In case no one has ever noticed, dudes get things named after them all the time. Cities, streets, whole states (Washington, anyone?). In fact, both North and South America actually get their titles from Amerigo Vespucci, an Italian explorer who now has an entire hemisphere named in his honor. And as ridiculous as that is, it's even nuttier that no one seems to think it's odd that this practice is completely one-sided. I mean, when was the last time you saw anything named after a woman?
Looking to draw attention to this issue, Silvia Radelli has created an alternate map of the Paris metro system, one with the stations renamed after women. Where once there was Alexander Dumas, now there is Jane Austen. Where once we had Franklin Delano Roosevelt, now we have his wife Eleanor (who was at least as cool as he was). And you can also find everyone from Simone de Beauvoir to Mika Yamamoto to Indira Ghandi to Nefertiti to Coco Chanel. Excellent!
On the surface, it might not seem like women not having subway stops named after them is such a big deal, but it speaks to a a deeper double-standard. As Radelli herself says, her map presents, "another history of the world," one where women's achievements are valued and honored instead of belittled and ignored. The map is its own little paradise, one where Susan Sontag has as much right to have her name on a metro station as Cardinal Lemione, where Anne Frank deserves as much recognition as the Battle of Alesia. It's a place where you can give directions like, "Transfer at Nina Simone and get off at Jane Addams."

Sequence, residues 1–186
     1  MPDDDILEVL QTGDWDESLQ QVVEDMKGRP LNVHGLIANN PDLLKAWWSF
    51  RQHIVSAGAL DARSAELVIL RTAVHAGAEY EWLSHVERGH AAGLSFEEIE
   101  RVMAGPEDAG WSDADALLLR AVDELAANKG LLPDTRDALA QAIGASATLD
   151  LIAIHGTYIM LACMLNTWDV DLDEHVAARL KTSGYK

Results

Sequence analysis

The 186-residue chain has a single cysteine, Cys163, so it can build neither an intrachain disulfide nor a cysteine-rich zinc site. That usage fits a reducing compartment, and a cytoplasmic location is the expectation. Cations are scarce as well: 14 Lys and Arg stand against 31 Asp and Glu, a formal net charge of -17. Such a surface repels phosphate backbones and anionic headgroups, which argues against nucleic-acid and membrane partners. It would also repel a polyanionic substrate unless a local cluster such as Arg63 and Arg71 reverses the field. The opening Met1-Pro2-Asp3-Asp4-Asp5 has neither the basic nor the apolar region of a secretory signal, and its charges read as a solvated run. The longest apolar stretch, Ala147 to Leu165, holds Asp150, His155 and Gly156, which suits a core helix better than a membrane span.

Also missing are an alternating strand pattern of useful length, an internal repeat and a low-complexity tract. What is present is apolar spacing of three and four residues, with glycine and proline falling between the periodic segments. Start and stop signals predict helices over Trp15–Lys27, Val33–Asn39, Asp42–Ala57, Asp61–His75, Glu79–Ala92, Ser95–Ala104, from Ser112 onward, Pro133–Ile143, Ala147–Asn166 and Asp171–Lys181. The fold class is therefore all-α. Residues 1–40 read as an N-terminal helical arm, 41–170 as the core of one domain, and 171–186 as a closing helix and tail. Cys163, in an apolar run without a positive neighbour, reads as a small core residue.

Wherever this beautiful paradise is, I would like to live there, please.
The map is currently on display in Paris' Galerie L'Aléatoire until March 29th, though we wouldn't mind it being on permanent display in Paris metro stations as the city's official map. Because the system currently has 303 stations, and only a handful named after women. And that is just ridiculous. This version is much better.
Image: Silvia Radelli